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1 January 2005 Epizootiologic Investigations of Parvovirus Infections in Free-ranging Carnivores from Germany
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To assess if wild carnivores in Germany play a role in the epizootiology of canine parvovirus (CPV) infection, seroprevalences against CPV in free-ranging carnivores (n=1,496) from selected urban and rural areas were compared. Antibodies against CPV were found in sera from red foxes (Vulpes vulpes; 136 of 1,442; 9%), raccoon dogs (Nyctereutes procyonides; two of 33; 6%), stone martens (Martes foina; four of 13; 31%), and pine martens (Martes martes; one of two) using the hemagglutination-inhibition test and pig erythrocytes. Evidence of CPV infection was detected in all study areas. Antibody titers varied between 10 and 320. In red foxes, the number of reactors did not differ between most urban and rural areas. However, we found significantly more reactors in the most densely populated urban area (Berlin). None of 430 tissue samples (small intestine, spleen, mesenterial lymph nodes) from any species tested for the presence of CPV nucleic acid using polymerase chain reaction yielded an amplification product. Based on our results, we believe that contact between domestic dogs and free-ranging red foxes probably plays a subordinate role in the epizootiology of CPV in Germany.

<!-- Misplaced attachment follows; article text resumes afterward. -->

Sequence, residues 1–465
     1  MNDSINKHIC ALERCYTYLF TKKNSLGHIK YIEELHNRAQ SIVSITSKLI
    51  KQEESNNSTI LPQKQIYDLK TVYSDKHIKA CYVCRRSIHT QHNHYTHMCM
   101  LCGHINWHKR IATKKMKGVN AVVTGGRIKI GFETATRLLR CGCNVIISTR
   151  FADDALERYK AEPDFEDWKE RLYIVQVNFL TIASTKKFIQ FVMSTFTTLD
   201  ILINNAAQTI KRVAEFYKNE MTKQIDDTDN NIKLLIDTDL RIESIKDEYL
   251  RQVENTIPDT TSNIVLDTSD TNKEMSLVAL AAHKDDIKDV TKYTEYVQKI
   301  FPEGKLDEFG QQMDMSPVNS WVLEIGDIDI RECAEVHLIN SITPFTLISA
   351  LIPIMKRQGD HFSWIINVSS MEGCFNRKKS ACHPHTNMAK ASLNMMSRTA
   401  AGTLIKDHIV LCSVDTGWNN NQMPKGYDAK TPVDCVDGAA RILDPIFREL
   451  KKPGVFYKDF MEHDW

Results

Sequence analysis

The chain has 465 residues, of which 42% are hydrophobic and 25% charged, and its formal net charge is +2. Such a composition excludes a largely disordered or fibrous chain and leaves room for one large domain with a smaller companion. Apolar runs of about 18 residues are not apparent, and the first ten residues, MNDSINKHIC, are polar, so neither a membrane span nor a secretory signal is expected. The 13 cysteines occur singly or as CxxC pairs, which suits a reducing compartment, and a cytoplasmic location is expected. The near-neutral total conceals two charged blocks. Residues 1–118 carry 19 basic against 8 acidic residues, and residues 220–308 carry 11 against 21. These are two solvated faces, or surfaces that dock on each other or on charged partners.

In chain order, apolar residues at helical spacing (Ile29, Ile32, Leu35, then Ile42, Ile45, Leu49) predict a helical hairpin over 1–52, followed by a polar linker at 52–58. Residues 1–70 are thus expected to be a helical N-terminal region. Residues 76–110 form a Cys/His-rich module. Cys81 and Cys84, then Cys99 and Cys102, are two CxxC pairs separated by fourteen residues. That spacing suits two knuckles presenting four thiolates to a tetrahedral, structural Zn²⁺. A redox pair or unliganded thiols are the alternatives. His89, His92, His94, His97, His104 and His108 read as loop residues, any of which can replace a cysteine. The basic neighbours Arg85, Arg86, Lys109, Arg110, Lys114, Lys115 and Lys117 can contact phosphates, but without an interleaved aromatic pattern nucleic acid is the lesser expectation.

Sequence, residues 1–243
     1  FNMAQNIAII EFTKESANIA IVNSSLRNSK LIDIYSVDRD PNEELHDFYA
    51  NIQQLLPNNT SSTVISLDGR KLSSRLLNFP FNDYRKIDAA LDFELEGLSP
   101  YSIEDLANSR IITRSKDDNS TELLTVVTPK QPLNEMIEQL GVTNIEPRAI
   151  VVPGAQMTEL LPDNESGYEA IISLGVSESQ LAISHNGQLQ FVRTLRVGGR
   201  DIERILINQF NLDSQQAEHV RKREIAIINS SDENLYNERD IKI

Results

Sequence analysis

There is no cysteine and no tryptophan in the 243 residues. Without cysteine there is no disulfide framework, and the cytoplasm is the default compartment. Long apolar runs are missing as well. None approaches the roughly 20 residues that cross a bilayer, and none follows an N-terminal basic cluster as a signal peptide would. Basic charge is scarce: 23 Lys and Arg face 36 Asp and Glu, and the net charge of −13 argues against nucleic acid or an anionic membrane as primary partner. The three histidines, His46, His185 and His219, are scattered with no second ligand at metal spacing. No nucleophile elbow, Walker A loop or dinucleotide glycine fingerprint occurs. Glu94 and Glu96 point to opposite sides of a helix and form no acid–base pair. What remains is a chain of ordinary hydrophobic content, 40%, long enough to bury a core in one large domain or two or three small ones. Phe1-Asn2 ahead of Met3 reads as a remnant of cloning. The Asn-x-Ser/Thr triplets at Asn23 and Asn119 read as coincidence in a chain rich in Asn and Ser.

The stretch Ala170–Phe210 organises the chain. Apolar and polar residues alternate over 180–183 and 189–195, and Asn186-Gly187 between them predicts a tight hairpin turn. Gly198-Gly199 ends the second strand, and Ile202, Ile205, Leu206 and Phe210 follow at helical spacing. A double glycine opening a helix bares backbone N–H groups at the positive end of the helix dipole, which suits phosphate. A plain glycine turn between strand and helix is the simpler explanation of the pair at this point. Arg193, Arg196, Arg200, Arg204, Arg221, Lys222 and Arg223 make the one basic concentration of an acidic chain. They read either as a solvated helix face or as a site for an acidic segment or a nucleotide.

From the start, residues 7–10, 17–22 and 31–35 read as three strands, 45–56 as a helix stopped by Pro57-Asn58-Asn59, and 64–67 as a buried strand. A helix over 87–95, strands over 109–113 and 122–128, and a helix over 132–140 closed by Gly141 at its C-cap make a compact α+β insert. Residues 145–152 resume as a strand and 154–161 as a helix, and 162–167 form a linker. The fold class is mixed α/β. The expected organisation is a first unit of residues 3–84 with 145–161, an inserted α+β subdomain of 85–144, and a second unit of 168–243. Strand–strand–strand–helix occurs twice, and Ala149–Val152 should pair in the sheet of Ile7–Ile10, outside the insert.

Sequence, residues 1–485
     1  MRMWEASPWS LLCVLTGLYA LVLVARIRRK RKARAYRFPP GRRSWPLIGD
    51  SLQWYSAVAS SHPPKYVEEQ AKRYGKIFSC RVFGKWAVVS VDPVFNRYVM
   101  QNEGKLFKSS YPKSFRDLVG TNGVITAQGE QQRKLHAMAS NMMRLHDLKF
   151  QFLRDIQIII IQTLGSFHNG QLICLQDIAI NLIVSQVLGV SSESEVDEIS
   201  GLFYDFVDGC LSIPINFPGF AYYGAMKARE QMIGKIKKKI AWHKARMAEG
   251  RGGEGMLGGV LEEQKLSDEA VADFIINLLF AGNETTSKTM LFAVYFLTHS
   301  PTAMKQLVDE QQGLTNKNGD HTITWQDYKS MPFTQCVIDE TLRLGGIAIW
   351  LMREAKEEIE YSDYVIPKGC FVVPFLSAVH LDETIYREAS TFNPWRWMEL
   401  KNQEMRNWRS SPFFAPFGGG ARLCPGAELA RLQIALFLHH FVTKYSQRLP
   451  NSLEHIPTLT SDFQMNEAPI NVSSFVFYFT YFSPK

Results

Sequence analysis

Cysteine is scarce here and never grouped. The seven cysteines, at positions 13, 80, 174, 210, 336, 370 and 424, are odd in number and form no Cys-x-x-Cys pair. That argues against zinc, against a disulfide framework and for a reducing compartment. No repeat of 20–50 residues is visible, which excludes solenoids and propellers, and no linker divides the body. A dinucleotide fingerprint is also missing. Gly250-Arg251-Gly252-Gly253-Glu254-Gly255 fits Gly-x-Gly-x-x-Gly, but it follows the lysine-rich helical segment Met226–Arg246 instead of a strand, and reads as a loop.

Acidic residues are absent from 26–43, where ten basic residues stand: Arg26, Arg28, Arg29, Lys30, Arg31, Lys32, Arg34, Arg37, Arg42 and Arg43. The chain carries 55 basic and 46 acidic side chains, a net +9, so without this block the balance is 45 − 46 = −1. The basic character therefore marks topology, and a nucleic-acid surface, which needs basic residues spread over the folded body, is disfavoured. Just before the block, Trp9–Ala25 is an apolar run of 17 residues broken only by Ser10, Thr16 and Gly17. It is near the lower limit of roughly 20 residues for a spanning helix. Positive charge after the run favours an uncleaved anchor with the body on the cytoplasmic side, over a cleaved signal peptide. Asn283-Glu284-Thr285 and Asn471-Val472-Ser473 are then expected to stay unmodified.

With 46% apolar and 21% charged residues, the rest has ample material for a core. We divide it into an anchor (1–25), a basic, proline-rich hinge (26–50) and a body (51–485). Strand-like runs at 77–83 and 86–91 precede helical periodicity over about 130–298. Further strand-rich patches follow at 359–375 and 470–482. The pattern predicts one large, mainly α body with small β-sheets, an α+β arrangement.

Kai Frölich, Wolf Jürgen Streich, Jörns Fickel, Sandra Jung, Uwe Truyen, Jochen Hentschke, Justus Dedek, Dieter Prager, and Nicole Latz "Epizootiologic Investigations of Parvovirus Infections in Free-ranging Carnivores from Germany," Journal of Wildlife Diseases 41(1), 231-235, (1 January 2005).
Received: 12 March 2004; Published: 1 January 2005

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